Make no mistake, fewer peas and beans will be grown in 2012 than for several years. Strong prices prompted growers to maximise wheat and oilseed rape drillings last autumn, and every indication is that they will keep drilling wheat into late January.
But there are still good reasons to plant peas and beans this spring, say trade experts, not least because of the very great likelihood of shortages come harvest 2012. “There will be shortage, there’s just not enough peas going to be planted come the spring,” commented Stuart Cree of Ebbage Seeds.
Once again prices will need to respond to get crops grown, added Paddy Barrett of Askew and Barrett in Wisbech, Cambridgeshire. “The export potential for edible pulses is almost limitless, overseas markets just value the quality of English pulses so highly. But with high prices on offer for virtually everything other than pulses it will be a fragile market in 2012. My advice to growers is to look for a contract and work with a reliable merchant.”
Blue peas could be an especially worthwhile option, production having slumped by 40% in 2011 and a further 50% slide anticipated for 2012, but demand as strong as ever. What’s more, micronising is a strengthening alternative market, offering off-spec produce a ready home in pet and horse feed manufacturing, particularly given soya’s firm prices.
Another factor favouring pea drilling in particular is the arrival of varieties better able to retain quality, reducing the risk of a costly £40-50/t price deduction where specification is not met and crop is diverted to feed instead, which is itself under pressure from rapemeal by-product as more crop is crushed for biofuel.
Furthermore, newer varieties stand better, which not only helps preserve quality, but also cuts the risk of combine damage where lodged crops cause unwanted stone and soil to enter the harvester.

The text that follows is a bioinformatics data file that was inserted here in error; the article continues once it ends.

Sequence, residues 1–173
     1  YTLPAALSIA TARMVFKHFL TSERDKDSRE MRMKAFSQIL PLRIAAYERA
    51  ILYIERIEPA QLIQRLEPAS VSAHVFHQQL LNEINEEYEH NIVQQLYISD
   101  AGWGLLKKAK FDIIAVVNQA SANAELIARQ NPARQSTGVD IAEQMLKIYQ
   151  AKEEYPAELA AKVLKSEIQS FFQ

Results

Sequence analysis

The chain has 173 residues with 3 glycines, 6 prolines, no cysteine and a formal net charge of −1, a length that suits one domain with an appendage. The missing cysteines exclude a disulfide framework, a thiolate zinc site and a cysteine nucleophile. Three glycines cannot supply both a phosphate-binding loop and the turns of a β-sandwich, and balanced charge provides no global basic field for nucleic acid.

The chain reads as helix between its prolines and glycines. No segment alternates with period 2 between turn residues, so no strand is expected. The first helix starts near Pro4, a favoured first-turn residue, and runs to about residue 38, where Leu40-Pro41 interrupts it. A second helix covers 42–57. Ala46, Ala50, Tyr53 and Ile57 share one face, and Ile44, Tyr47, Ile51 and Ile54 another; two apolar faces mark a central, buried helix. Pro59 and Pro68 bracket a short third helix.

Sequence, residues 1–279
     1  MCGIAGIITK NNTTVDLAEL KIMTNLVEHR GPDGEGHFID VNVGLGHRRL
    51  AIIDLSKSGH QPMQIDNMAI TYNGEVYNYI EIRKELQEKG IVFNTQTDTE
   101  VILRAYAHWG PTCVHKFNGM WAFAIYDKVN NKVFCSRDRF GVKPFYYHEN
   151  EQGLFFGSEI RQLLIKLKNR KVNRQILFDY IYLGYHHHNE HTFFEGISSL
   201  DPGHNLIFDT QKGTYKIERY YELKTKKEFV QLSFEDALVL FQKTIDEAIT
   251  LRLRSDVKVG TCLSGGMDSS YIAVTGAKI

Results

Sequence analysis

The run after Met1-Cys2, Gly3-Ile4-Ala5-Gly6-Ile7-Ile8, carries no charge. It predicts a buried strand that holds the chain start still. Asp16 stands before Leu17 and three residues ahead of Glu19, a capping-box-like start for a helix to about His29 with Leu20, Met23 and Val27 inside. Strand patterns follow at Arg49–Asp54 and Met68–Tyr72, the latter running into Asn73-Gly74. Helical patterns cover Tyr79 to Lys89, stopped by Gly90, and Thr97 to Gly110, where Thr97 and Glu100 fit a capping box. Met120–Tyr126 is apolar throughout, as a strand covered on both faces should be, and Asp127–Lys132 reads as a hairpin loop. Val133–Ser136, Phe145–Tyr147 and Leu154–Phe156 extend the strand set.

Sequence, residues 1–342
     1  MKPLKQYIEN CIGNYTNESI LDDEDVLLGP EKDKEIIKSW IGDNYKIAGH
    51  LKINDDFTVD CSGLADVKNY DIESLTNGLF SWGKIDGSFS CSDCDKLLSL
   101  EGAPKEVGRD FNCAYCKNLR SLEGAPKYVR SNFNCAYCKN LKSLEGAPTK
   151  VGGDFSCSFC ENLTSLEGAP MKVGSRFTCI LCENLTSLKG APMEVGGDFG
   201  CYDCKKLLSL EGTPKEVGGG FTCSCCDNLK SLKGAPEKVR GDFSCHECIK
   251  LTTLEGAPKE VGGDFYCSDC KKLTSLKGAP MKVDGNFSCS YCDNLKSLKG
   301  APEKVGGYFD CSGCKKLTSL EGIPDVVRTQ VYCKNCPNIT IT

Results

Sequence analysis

Yes, spring high erucic acid rape (HEAR) contracts for £460/t are a challenge, as is strong demand for linseed and spring barley, all piling the pressure onto pulse premiums. But peas offer more consistent yields than spring rape, even in a dry season, as highlighted across most regions in 2011, noted James Wallace of Dalton Seeds.
There are also the traditional reasons for growing pulses. Those are increasingly relevant. More growers are seeing value in a break from tight wheat/rape rotations, minimising the risk of rape sick land, or worse still clubroot developing. Pulses also boost soil fertility, typically leaving 50-60kgN/ha, an increasingly valuable by-product at today’s bagged fertiliser prices.
A three-year study of 36,000 wheat crops in France showed wheat after peas yielded 0.84t/ha ahead of wheat after wheat, and 0.68t/ha more than wheat after oilseed rape. Average nitrogen fertiliser saving was over £85/ha. Opportunities to combat grassweeds, especially difficult blackgrass, are also improved and overhead costs spread.
Several changes to the Recommended List merit attention, says PGRO principal technical officer Stephen Belcher.
New marrowfat Strada offers growers the chance to save the cost of downy mildew seed treatment, thanks to a rating of 9 for resistance to the disease. Yield is just 1% behind top marrowfat Neon, while standing power is rated moderate and maturity a little later than other marrowfats.
Also new to the list is white pea Kenzzo, with good downy mildew resistance and good standing ability, and yield only slightly behind Mascara and Gregor.
Amongst large blues Crackerjack stands out as top yielder, 2% ahead of Prophet. Bluestar and Daytona are now fully recommended, as is high yielding maple pea Mantara. Marrowfats Falstaff, Kahuna and Ragtime are now rated outclassed, and Madras was not added to the list.
Spring bean growers can look forward to a new yield benchmark in Boxer, provisionally yielding at 110% of controls, 3% ahead of Pyramid and 5% over top-seller Fuego, but yet to be listed pending National Listing. The pale hilum variety has straw length and maturity like Fuego.
Amongst winter beans newcomer Honey offers stiff, short straw, very good standing ability and a thousand seed weight like Wizard, although yield is a little lower. Top yielder Husky is now fully recommended and tall, vigorous-growing black hilum type Clipper has returned to the list, reflecting its strong performance in drought-hit springs.
See the Digital edition of Crops for a free, interactive spring cropping margins calculator. Type in your own prices and costs, or use the default figures from John Nix, and see how the different options compare for your business at www.fwi.co.uk/cropsdigital